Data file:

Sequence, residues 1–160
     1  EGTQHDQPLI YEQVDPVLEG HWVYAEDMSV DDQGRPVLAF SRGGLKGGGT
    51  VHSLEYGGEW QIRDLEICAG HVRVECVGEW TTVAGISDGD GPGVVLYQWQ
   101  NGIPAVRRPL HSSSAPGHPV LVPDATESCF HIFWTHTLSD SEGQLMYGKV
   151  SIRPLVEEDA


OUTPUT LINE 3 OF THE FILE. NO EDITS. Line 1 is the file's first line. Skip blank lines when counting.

    51  VHSLEYGGEW QIRDLEICAG HVRVECVGEW TTVAGISDGD GPGVVLYQWQ